How do I make friends? 4 strategies to help your kids socialize
School can be hard, and it can be even harder when your child has a hard time making friends. Helping your child through this struggle means taking some time to get to the root of the problem.
Most often, parents see their children at home and don’t have the opportunity to see how they interact at school, at someone else’s home, or when a parent isn’t around. So, first talk to friends, family members and school staff to seek their opinion. They may be able to provide valuable insight into what is going on with your child when a parent isn’t around.
Depending on what is causing the issue, here are some strategies for you to use to help your child over this social hurdle.
Put down the phone
Is your child glued to a computer or other device? Sometimes, when kids spend a lot of time with electronics, they miss out on developing skills to initiate and maintain friendships. Set time limits on electronics and encourage play with age-mate peers. In the beginning, you may have to structure playdates with an activity like making cookies, an outside game of tag or a board game.
Show what you know
Some children struggle to use the skills they already have. One way to encourage your child to use his good skills is to model the skills yourself. Make sure you are showing good friendship skills like active listening, good eye contact, empathy and turn-taking while talking. Also, when kids struggle to use their skills, you may want to talk to the school psychologist or other support staff. These professionals often have suggestions or maybe even groups to encourage and use good social skills.
Some children are introverted, shy or anxious about social interactions. In this scenario, encourage your child to reach out to others through structured activities. Sometimes, the demands of a social situation can just be too much for a child. So, invite some friends along for an activity such as seeing a movie, going to a play or to a museum, or to a fun class. Encourage your child to be flexible with her thinking. For example, it’s okay to be introverted, but everyone has to have a balance between time alone and time with others. Teach the skills that your child needs to be well-rounded.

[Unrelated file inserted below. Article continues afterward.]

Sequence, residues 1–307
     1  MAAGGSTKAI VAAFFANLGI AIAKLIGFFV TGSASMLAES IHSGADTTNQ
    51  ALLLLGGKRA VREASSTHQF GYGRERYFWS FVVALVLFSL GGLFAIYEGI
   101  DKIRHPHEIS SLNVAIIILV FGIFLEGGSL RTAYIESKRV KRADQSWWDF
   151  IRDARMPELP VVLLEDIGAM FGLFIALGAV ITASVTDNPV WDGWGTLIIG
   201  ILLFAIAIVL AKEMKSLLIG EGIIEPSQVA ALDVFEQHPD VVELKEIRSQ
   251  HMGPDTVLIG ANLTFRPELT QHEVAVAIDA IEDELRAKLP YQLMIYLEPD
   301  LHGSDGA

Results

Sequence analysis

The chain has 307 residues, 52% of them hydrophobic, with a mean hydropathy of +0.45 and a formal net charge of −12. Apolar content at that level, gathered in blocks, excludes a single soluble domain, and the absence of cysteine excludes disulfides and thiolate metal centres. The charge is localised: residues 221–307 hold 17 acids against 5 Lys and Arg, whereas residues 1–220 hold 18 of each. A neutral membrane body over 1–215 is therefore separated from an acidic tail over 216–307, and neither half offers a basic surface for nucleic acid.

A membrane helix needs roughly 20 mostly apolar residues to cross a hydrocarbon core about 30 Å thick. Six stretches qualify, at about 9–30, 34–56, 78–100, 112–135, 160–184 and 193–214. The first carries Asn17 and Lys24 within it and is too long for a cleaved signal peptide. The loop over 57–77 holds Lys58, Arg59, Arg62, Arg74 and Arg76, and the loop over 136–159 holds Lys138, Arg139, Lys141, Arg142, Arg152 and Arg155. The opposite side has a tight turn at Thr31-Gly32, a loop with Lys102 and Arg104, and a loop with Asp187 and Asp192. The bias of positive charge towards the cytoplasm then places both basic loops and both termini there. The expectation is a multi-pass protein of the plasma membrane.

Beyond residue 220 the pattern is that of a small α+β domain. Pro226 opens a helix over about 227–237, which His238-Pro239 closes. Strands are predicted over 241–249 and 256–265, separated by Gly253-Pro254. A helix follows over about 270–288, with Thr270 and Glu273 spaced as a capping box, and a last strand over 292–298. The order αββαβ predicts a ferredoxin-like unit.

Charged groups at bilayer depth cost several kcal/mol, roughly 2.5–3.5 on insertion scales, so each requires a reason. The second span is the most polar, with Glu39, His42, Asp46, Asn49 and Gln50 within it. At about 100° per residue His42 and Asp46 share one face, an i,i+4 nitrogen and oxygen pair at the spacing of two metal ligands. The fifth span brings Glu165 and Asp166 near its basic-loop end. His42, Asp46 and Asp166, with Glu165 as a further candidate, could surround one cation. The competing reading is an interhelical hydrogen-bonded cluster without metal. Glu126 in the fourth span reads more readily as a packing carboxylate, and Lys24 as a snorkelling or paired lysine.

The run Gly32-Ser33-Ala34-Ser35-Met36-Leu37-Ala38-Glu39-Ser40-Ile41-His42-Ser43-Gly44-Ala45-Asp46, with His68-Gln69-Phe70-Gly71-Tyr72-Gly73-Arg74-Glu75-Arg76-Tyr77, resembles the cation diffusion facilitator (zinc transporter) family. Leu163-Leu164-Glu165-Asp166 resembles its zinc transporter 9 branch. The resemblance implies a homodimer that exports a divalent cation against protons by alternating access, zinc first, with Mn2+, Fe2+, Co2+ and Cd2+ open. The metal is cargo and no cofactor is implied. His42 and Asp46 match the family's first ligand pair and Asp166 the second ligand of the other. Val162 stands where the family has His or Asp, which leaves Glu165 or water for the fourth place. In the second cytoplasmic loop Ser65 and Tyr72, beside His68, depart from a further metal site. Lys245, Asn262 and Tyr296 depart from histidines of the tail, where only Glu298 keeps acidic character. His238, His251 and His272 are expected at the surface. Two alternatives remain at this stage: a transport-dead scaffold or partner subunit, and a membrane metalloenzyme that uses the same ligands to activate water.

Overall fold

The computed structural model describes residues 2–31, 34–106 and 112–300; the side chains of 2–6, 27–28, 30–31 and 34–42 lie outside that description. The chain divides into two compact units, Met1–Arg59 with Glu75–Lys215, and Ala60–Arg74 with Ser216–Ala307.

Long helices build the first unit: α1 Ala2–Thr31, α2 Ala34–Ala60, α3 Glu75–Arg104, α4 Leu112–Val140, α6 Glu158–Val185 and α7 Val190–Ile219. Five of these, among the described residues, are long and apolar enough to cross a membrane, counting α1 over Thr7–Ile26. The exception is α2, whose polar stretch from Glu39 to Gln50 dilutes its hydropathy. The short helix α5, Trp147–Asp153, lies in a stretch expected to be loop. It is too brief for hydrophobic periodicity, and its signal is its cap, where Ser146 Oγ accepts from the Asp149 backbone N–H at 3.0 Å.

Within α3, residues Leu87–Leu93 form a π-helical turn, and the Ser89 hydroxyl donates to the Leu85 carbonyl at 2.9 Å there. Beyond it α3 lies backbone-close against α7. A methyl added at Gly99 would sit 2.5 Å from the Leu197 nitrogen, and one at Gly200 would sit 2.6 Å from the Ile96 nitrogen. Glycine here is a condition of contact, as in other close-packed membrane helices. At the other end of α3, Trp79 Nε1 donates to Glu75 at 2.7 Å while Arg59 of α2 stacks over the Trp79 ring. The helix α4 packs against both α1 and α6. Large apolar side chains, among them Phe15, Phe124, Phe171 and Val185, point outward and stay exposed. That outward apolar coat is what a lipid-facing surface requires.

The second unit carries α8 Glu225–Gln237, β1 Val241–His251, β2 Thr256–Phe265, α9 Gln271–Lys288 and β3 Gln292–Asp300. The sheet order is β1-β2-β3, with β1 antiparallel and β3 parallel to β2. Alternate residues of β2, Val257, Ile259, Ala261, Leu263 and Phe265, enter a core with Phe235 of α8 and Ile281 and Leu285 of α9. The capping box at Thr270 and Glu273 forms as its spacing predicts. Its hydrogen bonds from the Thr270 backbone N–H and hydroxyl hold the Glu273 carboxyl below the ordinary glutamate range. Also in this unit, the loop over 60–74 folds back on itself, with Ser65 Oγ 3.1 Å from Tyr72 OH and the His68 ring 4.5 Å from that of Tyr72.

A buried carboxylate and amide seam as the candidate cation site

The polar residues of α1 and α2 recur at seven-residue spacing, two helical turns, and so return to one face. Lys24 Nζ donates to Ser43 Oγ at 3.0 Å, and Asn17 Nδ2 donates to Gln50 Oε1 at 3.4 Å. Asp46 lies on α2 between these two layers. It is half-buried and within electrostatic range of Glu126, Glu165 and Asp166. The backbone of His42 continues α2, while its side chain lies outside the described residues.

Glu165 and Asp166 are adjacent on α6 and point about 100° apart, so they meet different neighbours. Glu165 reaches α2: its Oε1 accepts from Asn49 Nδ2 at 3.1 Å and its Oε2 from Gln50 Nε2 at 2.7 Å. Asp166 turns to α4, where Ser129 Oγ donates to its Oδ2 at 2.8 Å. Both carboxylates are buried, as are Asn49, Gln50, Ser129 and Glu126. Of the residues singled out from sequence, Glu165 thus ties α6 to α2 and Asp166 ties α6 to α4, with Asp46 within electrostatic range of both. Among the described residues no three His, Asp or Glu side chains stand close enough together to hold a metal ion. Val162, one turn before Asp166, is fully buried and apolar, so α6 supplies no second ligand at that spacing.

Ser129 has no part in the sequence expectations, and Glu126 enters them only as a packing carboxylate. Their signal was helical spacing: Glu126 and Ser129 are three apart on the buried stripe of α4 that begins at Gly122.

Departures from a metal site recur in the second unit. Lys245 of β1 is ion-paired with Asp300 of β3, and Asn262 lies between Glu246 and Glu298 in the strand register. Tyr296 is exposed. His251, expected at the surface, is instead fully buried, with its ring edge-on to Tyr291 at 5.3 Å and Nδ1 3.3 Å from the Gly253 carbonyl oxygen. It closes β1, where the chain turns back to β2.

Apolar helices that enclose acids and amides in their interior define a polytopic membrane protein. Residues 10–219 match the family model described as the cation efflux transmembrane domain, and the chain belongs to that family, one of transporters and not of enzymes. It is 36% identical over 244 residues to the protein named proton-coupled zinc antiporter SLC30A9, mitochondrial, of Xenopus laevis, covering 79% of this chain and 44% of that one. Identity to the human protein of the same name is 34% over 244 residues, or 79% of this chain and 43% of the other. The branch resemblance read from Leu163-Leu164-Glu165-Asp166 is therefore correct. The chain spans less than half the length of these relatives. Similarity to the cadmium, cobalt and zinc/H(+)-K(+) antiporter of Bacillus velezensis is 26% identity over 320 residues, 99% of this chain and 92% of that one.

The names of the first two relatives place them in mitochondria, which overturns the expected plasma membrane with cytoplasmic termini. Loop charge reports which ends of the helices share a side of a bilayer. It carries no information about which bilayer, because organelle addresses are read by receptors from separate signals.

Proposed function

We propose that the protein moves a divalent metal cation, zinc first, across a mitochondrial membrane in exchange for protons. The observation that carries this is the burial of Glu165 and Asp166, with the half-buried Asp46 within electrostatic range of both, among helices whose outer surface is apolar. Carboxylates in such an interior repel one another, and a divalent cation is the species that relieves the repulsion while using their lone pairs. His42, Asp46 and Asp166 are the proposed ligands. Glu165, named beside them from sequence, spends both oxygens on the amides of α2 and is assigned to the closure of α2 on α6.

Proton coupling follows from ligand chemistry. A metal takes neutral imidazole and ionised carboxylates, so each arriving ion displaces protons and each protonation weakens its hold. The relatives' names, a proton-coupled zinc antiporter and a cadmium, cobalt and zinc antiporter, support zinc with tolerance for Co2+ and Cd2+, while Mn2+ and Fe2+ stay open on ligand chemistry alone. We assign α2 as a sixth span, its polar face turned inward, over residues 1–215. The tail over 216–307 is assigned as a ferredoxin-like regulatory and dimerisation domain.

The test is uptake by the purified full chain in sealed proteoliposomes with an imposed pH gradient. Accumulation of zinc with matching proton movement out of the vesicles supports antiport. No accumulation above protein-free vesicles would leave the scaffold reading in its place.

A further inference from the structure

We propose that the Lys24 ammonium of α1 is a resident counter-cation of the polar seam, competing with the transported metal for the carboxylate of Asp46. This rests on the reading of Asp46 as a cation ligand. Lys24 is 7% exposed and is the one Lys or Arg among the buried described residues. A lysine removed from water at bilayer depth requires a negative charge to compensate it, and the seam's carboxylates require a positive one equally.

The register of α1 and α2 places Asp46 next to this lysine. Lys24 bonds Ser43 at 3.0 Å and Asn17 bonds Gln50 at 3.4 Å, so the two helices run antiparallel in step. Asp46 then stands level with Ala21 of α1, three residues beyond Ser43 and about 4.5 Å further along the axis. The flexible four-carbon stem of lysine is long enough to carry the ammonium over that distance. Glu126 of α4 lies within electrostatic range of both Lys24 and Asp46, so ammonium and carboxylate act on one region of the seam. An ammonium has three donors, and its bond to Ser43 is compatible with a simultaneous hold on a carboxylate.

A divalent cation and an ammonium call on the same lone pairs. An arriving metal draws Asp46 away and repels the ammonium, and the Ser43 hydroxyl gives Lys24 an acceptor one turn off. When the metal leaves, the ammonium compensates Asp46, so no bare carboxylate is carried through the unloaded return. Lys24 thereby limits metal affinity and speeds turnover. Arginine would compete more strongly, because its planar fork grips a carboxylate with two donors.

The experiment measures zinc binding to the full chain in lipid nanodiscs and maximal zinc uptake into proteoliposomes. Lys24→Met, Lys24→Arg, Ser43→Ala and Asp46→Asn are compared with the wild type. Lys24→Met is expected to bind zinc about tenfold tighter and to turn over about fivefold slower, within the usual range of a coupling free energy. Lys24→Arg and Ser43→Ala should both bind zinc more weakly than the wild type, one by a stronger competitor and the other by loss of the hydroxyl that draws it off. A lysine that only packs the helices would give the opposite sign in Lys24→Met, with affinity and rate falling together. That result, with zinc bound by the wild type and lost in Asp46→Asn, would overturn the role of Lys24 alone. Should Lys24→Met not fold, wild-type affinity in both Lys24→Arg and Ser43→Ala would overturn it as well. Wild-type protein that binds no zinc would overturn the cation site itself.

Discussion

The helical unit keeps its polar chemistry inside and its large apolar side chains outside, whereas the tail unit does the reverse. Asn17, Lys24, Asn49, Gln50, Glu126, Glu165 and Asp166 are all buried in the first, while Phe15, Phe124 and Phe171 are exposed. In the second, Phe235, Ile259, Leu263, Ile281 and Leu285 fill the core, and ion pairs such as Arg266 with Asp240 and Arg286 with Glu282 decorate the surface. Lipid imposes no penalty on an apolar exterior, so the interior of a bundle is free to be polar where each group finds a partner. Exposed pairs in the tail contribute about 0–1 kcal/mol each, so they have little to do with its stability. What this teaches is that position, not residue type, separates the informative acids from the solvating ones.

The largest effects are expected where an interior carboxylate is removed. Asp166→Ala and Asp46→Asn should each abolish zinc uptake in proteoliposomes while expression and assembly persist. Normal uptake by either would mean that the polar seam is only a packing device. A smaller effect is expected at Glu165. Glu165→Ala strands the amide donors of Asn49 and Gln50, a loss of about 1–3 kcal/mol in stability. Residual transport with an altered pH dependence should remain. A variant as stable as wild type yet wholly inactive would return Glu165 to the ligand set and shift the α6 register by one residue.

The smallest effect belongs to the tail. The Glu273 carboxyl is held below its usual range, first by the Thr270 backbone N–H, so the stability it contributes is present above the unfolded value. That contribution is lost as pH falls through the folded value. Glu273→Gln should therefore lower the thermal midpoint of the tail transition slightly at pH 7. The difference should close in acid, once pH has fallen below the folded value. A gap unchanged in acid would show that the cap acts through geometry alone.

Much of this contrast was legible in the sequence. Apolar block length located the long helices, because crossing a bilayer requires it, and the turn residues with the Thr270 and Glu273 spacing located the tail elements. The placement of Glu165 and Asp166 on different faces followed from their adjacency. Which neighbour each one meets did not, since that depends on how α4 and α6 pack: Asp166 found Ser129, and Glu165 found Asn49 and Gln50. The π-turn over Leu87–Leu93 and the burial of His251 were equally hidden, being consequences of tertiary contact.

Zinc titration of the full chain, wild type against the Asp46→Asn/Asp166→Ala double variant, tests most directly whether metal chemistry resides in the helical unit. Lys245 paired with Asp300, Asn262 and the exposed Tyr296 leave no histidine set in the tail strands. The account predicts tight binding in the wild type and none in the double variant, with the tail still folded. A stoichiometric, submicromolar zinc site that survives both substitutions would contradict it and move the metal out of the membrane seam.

Sometimes, not having friends at school is situational. Perhaps your child doesn’t live near his classmates or maybe the school is very small and there are no children with common interests. In this case, you might consider signing your child up for extracurricular activities so he can meet friends with common interests or perhaps develop some common interests with others. Ask your child’s teacher if there might be a classmate who already has the beginnings of a friendship with your child. Invite that child over for a playdate or meet for a playdate somewhere in the middle.
Sometimes making friends will take a combination of these skills. Use your intuition as a parent and the insight of others to decide what strategy will work best for your child.
Tracy Christman is a psychologist with Milwaukee Public Schools and the mom of two boys.